In an attempt to keep our content accurate and representative of evolving scholarship, we invite you to give feedback on any information in this article.

    This site is protected by reCAPTCHA and the Google Privacy Policy and Terms of Service apply.


    Priest-King, Mohenjo-daro

    Map Academy

    Articles are written collaboratively by the EIA editors. More information on our team, their individual bios, and our approach to writing can be found on our About pages. We also welcome feedback and all articles include a bibliography (see below).

    A white, low-fired steatite bust depicting a bearded man, the Priest-King, as it is commonly known, was excavated at the Indus Valley Civilisation site of Mohenjo-daro in the present-day Sindh province of Pakistan. The statuette was found by archaeologist Kashinath Narayan Dikshit during a 1925–26 excavation by the Archaeological Survey of India. 

    Dating back to the Mature Harappan Period, approximately 2100–1750 BCE, the now-broken torso is about 18 centimetres tall and 11 centimetres wide. The face of the sculpture bears incised work lines made by a carving instrument to represent a beard. Some of the lines extend into the area of the cheeks and were never polished out, suggesting that the sculpture remained unfinished.

    Depicted with half-closed eyes, curved ears and thick lips, the figure wears a toga-like garment draped over the left shoulder and tucked under the now-broken right arm. A band is wrapped around this arm. The garment is interspersed with raised trefoil motifs and circles carved out in shallow relief. The figure’s hair is parted in the centre and held together by a diadem set in the centre with a circular ornament. Holes pierced under the ears suggest that a head-dress was attached to the sculpture. This may have been horned, as seen in other recovered Indus Valley Civilisation figures. While the original appearance of the sculpture is difficult to ascertain, a fragment of shell inlay was recovered from an eye, and traces of red pigment remain in the garment’s trefoil pattern.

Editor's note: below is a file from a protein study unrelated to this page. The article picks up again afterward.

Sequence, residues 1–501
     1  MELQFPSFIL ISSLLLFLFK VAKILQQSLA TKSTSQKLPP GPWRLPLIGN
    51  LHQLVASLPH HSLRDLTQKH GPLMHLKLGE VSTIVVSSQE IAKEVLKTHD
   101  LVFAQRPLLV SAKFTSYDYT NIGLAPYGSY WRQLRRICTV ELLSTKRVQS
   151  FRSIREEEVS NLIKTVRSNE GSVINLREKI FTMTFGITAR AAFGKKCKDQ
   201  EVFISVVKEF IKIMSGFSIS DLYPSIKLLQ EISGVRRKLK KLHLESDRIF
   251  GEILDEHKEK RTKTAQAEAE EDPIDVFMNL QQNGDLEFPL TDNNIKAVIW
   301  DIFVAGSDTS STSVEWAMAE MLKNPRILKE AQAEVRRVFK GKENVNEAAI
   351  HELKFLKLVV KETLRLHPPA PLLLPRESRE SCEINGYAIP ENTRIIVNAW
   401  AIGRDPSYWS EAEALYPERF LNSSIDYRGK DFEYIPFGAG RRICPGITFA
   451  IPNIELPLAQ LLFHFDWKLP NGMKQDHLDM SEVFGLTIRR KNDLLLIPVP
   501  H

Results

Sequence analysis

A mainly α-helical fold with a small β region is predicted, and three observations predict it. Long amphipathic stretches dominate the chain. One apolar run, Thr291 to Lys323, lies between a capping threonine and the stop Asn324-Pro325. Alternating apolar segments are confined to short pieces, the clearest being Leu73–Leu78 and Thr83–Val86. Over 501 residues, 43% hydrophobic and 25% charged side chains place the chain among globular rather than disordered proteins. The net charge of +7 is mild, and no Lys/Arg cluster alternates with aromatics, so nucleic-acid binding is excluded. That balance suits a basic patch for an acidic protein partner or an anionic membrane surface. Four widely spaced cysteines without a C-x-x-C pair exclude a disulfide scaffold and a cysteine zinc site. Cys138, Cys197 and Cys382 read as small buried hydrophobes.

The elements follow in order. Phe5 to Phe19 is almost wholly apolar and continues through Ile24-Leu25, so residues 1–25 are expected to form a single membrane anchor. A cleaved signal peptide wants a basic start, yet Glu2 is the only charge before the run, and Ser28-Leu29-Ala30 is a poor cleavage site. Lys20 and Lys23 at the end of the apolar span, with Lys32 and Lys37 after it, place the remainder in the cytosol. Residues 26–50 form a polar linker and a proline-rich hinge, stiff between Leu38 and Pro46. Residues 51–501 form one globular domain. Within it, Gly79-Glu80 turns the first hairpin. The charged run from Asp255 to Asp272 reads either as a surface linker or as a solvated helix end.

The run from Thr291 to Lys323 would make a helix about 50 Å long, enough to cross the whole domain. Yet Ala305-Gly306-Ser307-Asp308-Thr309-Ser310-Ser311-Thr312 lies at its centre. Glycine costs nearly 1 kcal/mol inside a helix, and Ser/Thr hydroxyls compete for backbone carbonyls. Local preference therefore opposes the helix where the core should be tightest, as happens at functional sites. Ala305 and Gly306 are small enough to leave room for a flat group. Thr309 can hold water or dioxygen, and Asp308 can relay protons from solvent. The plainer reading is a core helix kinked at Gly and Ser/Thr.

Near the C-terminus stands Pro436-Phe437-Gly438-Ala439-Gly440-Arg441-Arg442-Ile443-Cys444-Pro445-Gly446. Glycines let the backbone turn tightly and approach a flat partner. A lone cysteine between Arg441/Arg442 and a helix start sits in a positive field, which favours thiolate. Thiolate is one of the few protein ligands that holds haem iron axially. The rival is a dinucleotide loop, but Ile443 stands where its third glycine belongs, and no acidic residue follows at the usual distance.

Many scholars have attempted to establish the figure’s identity and status. Some have studied its physiognomic type, while others have compared its trefoiled cloak to similar motifs in Egyptian, Mesopotamian, and Minoan art — as well as to texts describing later South Asian mythological figures such as Varuna. The pattern has also been compared to the cloud motif seen in ajrakh prints, which were being produced for export around the time when the statuette was made. The sculpture’s half-open eyes have led to speculation that the figure is engaged in yogic meditation. The extended arm may have been meant to rest on the knee, with the body arranged in a seated posture. The diadem might be linked to the South Asian royal turban of later millennia. Archaeologist John Marshall considered these factors when he dubbed the statuette a ‘king-priest’, which Mortimer Wheeler later inverted to ‘priest-king’. It has not been possible to confirm whether the sculpture is a portrait of a deity, a real person, or a representation of an abstract concept.

    Artefacts from Mohenjo-daro were initially kept at the Lahore Museum and later moved to the Central Imperial Museum at Delhi (now the National Museum, New Delhi). In 1972, the statuette was officially handed over to the Government of Pakistan as per a clause in the Shimla Agreement. At the time of writing, the sculpture is housed in the National Museum at Karachi. 



    Awan, Arshad. “A Priest, A King, or Both?.” T Magazine, 14 August 2022. Accessed December 9, 2022.

    Huntington, Susan L, and John C. Huntington. The Art of Ancient India: Buddhist, Hindu, Jain. New York, Tokyo: Weather Hill, 1985.

    Mackay, Ernest. The Indus Civilization. London: Lovat Dickson & Thompson Ltd., 1935.

    Parpola, Asko. Deciphering the Indus Script. Cambridge: Cambridge University Press, 1994.

    Possehl, Gregory, L. The Indus Civilization: A Contemporary Perspective. Lanham, Plymouth: AltaMira Press, Rowman & Littlefield Publishers, 2002.

    Related Content